Commission will mobilise extra €100m for providing affordable tests

The three types of Covid certificates will be available from 1 July

Photo: EU Didier Reynders.

The eventual final adoption of the regulation about the EU Digital COVID Certificate, as its new name is, is expected in about three weeks, after the negotiators from the EP and the Council reached a provisional deal on Thursday evening.

Talking at a press conference on Friday about the provisional political agreement on the EU Digital COVID Certificate, EU Justice Commissioner Didier Reynders said that it would allow citizens to travel safely, businesses - to benefit from their spending, and transport - to operate.

He announced that as of 1 July will be available three types of certificates: for vaccination, for a negative test and a certificate of recovery. The certificates, in a digital form or on paper, will be free as such for all EU citizens.

When it comes to the price of the required tests, the Commission will mobilise an additional €100m to support Member States in providing affordable tests, and as the Commissioner clarifies this money will be used for rapid antigen tests.

The Regulation also highlights the role of rapid antigen tests as an affordable means to facilitate the issuance of test certificates, he said recalling that the Commission already organised for Member States a joint procurement over €2.6bn allowing them to purchase 550 million rapid antigen tests. The Commission had already mobilised €100m to purchase over 20 million rapid antigen tests.

It was clarified that validity period for recovery certificate will be 180 days and it will be issued on the basis of positive result from PCR test, which detects the disease, not antibodies’ level.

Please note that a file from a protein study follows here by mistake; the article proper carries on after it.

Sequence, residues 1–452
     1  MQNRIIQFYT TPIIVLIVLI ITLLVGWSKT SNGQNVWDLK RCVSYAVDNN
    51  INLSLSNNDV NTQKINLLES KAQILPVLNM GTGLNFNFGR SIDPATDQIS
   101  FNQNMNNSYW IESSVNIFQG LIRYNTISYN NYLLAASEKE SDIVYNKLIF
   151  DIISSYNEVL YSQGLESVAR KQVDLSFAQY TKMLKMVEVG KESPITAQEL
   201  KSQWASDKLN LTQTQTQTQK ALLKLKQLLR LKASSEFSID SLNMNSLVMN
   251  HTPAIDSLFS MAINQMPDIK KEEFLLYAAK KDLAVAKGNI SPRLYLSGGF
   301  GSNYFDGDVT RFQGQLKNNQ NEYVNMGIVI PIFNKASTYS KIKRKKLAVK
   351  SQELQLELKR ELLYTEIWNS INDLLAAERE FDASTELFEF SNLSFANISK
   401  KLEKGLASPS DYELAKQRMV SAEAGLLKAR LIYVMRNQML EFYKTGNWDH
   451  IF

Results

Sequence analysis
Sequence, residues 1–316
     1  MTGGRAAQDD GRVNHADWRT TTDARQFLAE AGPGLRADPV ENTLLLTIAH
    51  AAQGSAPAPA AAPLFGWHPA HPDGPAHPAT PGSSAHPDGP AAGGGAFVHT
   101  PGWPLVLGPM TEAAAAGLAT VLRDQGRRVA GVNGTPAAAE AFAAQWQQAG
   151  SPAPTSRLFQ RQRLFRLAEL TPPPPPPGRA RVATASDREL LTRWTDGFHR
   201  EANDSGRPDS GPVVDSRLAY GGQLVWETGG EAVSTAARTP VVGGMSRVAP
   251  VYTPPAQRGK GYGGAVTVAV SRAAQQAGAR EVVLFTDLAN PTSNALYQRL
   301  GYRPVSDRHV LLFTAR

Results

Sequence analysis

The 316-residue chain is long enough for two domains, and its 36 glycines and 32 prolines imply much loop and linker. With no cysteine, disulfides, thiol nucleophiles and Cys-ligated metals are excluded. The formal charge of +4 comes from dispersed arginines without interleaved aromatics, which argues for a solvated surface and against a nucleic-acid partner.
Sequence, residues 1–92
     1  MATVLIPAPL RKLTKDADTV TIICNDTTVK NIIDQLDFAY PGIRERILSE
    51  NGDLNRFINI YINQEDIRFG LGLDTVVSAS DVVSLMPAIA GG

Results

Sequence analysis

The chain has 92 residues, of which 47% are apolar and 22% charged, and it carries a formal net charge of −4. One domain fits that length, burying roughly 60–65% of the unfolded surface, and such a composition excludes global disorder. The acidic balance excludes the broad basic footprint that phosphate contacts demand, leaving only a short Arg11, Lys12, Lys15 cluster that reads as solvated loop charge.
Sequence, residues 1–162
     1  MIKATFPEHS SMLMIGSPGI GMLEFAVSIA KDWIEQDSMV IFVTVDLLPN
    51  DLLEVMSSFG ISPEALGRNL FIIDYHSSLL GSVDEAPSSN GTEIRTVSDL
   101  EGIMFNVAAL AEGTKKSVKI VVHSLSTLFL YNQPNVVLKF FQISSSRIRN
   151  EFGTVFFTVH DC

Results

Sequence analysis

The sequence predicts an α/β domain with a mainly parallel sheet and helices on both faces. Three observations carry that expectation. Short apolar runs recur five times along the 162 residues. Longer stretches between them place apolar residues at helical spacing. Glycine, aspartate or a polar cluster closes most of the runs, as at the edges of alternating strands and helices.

The Commissioner pointed out that the regulation underlines that Member States shall refrain from imposing additional travel restrictions on the holders of an EU certificate, unless they are necessary and proportionate to safeguard public health.

The weekly colour-coded map of the ECDC and the previous Council Recommendation on a coordinated approach to free movement restrictions will be particularly relevant in this context.

Commissioner Reynders specified that Member States may also decide to use this certificate for national purposes, if this is provided for in national law.

In the spirit of maximum efficiency, the Commission has also been working with Member States in parallel on the technical side, he explained.

Commissioner Reynders added that EU countries need to be able to check the validity of a certificate no matter where in the EU it was issued, so the Commission set up the EU Gateway where Member States can upload their public signature keys that prove the validity of certificates. He outlined that over the last weeks, this has been put to the test and there are good results from this first pilot phase so far.

Up to now, 17 Member States and Iceland have successfully tested their connection with the EU Gateway, but as the Commissioner noted “it is entirely in the hands of Member States to make sure they have the technical capacity in place, including to issue certificates”.

The EU executive has allocated €1m per Member State and will continue to provide technical support.

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